Passage of California budget has minor effects for Lincoln

By: Brandon Darnell, News Messenger Reporter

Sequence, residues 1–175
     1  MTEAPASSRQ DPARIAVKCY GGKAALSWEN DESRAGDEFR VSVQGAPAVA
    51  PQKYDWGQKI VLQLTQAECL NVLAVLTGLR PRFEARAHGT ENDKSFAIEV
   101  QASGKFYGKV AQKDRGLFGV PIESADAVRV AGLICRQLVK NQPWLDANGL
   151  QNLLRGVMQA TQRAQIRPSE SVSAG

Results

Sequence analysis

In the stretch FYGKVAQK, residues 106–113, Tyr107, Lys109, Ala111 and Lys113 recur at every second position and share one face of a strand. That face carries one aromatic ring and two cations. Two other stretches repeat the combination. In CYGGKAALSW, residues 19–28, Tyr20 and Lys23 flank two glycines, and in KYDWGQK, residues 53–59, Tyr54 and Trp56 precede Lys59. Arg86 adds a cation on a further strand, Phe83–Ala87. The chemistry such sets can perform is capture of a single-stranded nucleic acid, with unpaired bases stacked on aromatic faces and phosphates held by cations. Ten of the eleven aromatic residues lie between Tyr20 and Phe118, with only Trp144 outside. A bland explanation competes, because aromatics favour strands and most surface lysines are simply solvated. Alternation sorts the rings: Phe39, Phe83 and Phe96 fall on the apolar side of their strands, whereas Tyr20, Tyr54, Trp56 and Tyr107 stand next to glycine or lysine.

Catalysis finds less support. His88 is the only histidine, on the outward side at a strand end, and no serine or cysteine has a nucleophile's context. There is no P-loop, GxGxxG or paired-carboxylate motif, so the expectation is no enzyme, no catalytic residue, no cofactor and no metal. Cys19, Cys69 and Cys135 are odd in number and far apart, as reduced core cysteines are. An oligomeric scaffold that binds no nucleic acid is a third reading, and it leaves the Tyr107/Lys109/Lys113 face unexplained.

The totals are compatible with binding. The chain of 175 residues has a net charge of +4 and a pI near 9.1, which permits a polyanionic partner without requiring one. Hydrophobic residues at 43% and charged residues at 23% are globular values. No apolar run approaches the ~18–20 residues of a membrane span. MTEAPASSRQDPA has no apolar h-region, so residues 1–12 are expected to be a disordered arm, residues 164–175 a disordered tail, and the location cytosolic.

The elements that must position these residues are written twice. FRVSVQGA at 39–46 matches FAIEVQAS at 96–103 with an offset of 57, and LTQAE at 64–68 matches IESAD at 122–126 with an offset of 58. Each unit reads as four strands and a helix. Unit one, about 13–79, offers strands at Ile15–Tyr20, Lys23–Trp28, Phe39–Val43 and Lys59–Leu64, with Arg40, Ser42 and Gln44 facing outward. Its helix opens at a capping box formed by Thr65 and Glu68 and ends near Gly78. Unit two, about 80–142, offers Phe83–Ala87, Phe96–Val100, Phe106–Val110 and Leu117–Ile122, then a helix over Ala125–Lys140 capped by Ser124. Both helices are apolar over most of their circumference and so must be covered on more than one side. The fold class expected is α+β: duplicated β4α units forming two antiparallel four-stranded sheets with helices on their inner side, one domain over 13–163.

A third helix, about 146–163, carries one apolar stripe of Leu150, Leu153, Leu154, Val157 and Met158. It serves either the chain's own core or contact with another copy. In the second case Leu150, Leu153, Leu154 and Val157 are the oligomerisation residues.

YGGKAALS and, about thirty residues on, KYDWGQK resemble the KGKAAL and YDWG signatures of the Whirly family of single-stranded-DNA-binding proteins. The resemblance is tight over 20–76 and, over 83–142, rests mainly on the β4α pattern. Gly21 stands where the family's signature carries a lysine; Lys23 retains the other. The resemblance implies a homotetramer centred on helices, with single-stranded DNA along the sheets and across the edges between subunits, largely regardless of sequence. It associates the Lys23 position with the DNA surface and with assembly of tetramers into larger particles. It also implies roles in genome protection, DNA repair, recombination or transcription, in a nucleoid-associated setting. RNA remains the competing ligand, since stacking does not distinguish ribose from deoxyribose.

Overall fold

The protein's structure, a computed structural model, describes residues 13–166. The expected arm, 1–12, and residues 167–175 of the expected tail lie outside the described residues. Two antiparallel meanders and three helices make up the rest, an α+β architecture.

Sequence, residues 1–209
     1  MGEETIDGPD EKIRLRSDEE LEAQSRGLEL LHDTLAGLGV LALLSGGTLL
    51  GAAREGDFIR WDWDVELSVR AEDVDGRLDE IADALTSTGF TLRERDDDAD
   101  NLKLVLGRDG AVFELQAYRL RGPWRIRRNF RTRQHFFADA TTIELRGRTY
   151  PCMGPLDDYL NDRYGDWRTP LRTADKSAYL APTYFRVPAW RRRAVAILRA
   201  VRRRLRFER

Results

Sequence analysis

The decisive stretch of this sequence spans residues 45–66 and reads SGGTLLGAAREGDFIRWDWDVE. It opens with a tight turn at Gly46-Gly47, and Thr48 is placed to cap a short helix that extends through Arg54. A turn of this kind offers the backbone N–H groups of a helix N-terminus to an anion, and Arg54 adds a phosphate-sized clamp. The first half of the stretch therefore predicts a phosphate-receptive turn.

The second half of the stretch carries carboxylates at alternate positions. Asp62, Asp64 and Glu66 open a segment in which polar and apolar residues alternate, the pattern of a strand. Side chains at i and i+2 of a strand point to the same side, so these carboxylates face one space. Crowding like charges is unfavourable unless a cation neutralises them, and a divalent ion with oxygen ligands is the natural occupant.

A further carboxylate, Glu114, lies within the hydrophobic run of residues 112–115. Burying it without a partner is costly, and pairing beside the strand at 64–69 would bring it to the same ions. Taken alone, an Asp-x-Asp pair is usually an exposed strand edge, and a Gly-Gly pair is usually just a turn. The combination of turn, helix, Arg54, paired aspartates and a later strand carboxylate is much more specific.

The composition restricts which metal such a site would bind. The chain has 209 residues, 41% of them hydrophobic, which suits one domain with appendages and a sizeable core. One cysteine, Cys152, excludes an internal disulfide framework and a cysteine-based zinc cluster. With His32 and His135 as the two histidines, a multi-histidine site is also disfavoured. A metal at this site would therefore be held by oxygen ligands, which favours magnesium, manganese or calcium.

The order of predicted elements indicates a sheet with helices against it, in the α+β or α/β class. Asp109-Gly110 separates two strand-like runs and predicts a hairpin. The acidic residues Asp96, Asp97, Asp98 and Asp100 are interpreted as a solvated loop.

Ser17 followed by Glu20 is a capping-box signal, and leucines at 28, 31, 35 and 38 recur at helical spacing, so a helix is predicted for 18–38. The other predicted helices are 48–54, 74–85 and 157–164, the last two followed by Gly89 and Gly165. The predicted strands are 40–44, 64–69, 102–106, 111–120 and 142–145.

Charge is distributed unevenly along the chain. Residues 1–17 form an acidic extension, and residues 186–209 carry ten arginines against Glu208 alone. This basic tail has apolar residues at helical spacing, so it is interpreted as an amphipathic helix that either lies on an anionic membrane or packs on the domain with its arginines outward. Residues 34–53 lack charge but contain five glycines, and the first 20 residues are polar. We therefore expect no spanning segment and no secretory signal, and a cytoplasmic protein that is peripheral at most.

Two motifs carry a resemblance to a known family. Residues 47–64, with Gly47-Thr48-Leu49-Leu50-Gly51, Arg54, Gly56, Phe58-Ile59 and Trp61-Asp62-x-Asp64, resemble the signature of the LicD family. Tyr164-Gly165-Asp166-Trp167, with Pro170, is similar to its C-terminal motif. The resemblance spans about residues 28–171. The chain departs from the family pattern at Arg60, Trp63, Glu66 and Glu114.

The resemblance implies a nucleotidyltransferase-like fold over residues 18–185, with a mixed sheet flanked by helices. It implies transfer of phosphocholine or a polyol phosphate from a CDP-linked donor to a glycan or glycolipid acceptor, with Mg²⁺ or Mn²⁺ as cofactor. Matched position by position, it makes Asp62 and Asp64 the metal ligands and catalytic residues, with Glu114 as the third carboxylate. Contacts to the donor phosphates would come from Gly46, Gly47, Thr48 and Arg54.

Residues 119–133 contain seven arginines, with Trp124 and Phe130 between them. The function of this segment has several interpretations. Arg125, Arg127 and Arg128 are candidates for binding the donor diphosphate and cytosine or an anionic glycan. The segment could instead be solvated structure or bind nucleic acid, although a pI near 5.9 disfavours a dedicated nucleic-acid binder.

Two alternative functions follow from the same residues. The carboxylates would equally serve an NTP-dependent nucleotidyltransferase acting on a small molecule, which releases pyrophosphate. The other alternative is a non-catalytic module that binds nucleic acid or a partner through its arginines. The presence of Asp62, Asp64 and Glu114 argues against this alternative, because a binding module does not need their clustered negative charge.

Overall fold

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The California State Legislature’s passage of a budget last week has repercussions for the city of Lincoln but not all of those are known yet. “Right now, it’s too early to tell the real specifics,” said Mayor Spencer Short on Monday. “We know the generalities like keeping the bypass going but we’ll just have to wait and see how it plays out.” City Manager Jim Estep also acknowledged the budget passage’s effect on the bypass. “In general, it’s a good thing for Lincoln as it will keep the Highway 65 bypass project moving forward, which will ultimately help the city with opportunities for retail and commercial development,” Estep said Monday. “It also frees up money (and) funding for projects and grants that are state funded.” Funding for some of the city’s projects is from Proposition 1B money, which was a package of propositions Gov. Arnold Schwarzenegger pushed through several years ago for transit funding. Estep said that that funding has been held up, pending the passage of the budget. Without a full analysis and briefing on the budget, according to Estep, it is too early to make more specific comments. Estep said that analysis will be finished soon. “The state budget does not appear to significantly impact our city revenues,” said Steve Ambrose, director of finance and administrative services on Tuesday. “The package did not suspend Proposition 1A protections for local property and sales tax, which are the largest General Fund revenues for the city.” Proposition 1A was another of the propositions pushed through by Gov. Schwarzenegger, and protects transit funding. Local safety funds were also preserved, Ambrose said, adding that had they been taken from the city by the state to fill its own coffers, it would have resulted in a $180,000 loss. John Pedri, director of public works, said the main projects that were held up pending the passage of the state budget, other than the bypass, were the completion of the city’s groundwater management program and the pedestrian and neighborhood electric vehicle bridge – which is in the planning stages – that will eventually cross Auburn Ravine, linking Safeway and the new post office. Brandon Darnell can be reached by e-mail at